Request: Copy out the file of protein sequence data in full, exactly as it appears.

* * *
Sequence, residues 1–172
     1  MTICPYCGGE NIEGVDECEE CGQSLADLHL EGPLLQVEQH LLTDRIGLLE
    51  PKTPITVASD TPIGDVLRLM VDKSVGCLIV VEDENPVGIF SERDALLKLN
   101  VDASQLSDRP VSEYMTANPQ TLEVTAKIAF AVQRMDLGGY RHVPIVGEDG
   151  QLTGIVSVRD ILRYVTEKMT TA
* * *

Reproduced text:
Sequence, residues 1–172
     1  MTICPYCGGE NIEGVDECEE CGQSLADLHL EGPLLQVEQH LLTDRIGLLE
    51  PKTPITVASD TPIGDVLRLM VDKSVGCLIV VEDENPVGIF SERDALLKLN
   101  VDASQLSDRP VSEYMTANPQ TLEVTAKIAF AVQRMDLGGY RHVPIVGEDG
   151  QLTGIVSVRD ILRYVTEKMT TA